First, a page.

Bathmophobia is a term used to describe the fear of stairs or slopes and is also a somewhat complicated phobia.
Bathmophobia has a lot of similarities to climacophobia, which is the fear of climbing stairs, except that it has a specific focus. A person who has bathmophobia, get frightened, or panic when they simply observe a steep slope.
At the same time, people who have climacophobia typically experience physical or psychological symptoms only when they are expected to climb up or descend from a slope or stairs.
The difference between both phobias is subtle and almost unnoticeable but important, and only a trained clinician can accurately diagnose it.
If your child has a fear of slopes or stairs, there is no need to panic as all parents must keep in mind that such fears are a vital part of development. Just like with other phobias, Bathmophobia is generally not diagnosed in kids unless it is consistent for more than six months.
Causes of bathmophobia
Bathmophobia, just like many other phobias, can be caused by a wide range of factors. However, a particularly common cause of bathmophobia is an early negative experience with steep hill or stairs.
If a person fell or slipped on steep stairs, or if they watched someone else fall or struggle with shortness of breath while they climb, such a person may be at a higher risk of developing bathmophobia.
Particularly in kids, bathmophobia can also be caused by negotiating or even just looking at or thinking about a very scary looking set of stairs. One easy example is a child taking part in a local community theater with a set of stairs leading to the costume loft backstage.
The stairs backstage were steep and open behind, so anyone could see down as they climbed them, and the kid could imagine slipping through the openings, even though she never had to climb them herself.
There is a possibility that memories of those stairs may play into dreams that include struggling to cross a sloped floor that eventually tilts to near-vertical as the child got close to her destination in the dreams.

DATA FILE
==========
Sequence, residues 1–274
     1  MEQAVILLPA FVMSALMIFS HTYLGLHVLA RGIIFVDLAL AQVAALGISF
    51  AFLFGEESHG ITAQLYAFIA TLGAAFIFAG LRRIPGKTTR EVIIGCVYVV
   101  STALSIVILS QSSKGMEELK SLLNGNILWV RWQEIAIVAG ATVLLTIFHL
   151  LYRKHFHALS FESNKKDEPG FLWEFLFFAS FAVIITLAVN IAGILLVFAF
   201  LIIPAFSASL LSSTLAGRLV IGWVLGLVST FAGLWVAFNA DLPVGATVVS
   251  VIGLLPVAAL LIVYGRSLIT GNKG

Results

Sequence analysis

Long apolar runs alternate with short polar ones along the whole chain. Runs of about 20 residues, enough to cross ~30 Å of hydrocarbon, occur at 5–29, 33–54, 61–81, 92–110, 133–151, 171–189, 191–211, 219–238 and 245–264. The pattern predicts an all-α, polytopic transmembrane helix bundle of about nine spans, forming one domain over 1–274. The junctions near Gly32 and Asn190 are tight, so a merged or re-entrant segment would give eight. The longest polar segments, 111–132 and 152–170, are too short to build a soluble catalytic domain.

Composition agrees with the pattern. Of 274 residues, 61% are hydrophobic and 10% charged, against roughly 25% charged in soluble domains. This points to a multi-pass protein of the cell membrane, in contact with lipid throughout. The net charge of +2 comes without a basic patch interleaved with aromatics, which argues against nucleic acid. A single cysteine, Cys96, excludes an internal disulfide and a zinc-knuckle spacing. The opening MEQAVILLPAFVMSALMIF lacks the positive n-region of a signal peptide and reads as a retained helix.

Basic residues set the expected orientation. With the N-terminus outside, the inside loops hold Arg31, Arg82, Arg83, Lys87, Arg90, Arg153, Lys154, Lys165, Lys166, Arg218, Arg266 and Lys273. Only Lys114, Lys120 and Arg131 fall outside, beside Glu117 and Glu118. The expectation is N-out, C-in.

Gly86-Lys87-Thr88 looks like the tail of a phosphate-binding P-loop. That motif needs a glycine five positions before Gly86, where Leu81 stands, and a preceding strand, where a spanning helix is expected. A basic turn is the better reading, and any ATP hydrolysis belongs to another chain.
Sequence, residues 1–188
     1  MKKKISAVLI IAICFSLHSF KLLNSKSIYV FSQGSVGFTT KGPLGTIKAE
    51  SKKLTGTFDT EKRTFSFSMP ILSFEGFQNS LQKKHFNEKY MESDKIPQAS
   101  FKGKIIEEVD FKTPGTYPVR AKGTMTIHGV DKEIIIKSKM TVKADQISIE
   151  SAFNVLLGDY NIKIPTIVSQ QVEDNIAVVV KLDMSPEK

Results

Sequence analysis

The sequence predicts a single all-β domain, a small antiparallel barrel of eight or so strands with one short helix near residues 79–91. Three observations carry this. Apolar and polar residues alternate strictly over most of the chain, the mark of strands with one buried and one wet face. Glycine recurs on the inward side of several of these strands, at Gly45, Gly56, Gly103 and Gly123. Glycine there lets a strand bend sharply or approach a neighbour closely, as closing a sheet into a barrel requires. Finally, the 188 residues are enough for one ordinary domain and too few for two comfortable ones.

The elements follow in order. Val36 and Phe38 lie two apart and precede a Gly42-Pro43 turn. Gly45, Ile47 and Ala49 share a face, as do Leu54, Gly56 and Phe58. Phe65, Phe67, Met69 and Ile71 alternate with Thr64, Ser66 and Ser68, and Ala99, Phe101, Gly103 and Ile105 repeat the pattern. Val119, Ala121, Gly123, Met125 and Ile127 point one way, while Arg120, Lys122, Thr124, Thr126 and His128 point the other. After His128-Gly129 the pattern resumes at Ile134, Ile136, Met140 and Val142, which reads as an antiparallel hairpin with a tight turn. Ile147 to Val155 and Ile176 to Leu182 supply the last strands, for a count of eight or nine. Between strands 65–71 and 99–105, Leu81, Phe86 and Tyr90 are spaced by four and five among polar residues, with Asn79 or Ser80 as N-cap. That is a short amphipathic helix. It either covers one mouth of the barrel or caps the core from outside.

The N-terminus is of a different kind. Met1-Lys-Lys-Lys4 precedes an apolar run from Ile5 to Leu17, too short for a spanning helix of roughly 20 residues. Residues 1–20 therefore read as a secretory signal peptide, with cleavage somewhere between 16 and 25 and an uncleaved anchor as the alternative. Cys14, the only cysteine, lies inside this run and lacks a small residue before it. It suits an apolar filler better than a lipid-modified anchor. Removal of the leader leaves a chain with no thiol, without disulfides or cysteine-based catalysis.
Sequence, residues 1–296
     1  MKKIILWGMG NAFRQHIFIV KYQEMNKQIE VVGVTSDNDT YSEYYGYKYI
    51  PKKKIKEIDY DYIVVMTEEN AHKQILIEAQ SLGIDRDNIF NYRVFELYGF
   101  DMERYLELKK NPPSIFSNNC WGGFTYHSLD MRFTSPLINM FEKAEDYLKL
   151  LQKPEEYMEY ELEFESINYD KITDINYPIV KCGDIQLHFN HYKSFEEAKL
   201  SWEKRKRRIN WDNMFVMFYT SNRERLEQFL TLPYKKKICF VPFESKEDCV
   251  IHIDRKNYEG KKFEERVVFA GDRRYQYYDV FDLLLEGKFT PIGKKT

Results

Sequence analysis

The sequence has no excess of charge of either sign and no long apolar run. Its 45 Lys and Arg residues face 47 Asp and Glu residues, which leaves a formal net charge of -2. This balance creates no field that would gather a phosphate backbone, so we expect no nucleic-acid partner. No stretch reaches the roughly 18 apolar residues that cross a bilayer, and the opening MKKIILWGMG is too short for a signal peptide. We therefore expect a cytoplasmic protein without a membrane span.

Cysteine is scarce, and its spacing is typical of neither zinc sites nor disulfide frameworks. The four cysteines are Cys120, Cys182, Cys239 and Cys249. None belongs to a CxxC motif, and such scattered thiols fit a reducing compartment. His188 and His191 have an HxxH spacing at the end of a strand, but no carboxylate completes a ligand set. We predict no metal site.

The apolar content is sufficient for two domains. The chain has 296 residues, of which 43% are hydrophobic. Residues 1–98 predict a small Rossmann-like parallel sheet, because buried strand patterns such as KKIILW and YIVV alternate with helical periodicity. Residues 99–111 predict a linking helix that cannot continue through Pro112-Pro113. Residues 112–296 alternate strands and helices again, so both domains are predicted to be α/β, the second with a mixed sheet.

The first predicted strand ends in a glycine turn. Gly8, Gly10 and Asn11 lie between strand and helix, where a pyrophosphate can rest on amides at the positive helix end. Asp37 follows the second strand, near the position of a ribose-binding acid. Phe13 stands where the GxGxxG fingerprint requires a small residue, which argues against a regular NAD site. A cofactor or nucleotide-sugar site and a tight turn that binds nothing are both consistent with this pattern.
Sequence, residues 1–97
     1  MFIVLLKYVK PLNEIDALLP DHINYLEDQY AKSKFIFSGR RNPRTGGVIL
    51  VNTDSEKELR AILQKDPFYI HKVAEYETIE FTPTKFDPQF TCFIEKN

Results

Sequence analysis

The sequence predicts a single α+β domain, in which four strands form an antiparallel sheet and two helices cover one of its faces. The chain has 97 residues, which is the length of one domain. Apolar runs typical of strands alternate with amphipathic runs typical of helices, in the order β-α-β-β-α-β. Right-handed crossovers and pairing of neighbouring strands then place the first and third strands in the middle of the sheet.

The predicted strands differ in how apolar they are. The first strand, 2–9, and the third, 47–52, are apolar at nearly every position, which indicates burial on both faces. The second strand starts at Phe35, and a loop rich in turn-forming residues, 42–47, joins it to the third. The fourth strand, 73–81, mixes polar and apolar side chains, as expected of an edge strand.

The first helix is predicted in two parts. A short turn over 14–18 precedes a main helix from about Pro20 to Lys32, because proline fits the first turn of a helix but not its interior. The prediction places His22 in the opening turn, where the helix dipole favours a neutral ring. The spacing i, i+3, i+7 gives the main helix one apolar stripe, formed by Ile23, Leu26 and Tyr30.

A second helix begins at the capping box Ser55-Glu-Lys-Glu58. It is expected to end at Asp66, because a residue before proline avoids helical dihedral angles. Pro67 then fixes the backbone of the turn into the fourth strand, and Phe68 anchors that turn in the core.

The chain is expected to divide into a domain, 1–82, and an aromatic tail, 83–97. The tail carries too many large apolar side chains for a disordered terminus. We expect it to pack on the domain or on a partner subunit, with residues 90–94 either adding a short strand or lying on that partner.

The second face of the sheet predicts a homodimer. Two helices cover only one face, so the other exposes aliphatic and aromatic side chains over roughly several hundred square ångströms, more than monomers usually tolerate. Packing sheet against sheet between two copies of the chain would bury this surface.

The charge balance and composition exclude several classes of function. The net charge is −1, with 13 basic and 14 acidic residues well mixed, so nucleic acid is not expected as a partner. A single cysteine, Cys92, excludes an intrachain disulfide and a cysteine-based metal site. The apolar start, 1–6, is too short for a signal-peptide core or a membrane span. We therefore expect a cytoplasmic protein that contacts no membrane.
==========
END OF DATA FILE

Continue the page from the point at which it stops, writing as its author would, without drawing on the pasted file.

Such a child will continue to feel apprehension whenever she is confronted with a tricky set of stairs or a sloped floor.
In addition to climacophobia, which has been mentioned above, bathmophobia may also be related to other disorders and phobias. Acrophobia, which is the fear of heights, is very common.
This means that what appears to be a phobia of stairs may just be a fear of the height that the supposed stairs achieve. Illygnophobia, which is the fear of vertigo, may also trigger symptoms that are similar to those of bathmophobia.
However, the term is also used medically in reference to similar symptoms that are not triggered by a balance disorder. The similarity between both types is that they can be worsened by slight changes in height.
By definition, any fear that is considered reasonable because of an existing medical condition is not categorized as a phobia.
If your doctor or clinician has determined that your symptoms are due to the existence of bathmophobia, he or she is likely to prescribe cognitive-behavioral therapy (CBT).
This type of therapy is carried out with the goal of helping a sufferer replace his or her fearful thoughts and behaviors with thoughts that are more rational.
During CBT, patients will be taught several relaxation exercises to promote calmness, and they will be slowly introduced to the object of their fear through a process called systematic desensitization.
Although it takes some time, CBT and other forms of therapy have an excellent success rate when it comes to treating this type of phobia and many others. An important part of working through your fears is choosing a therapist that you are comfortable with and who has earned your trust.
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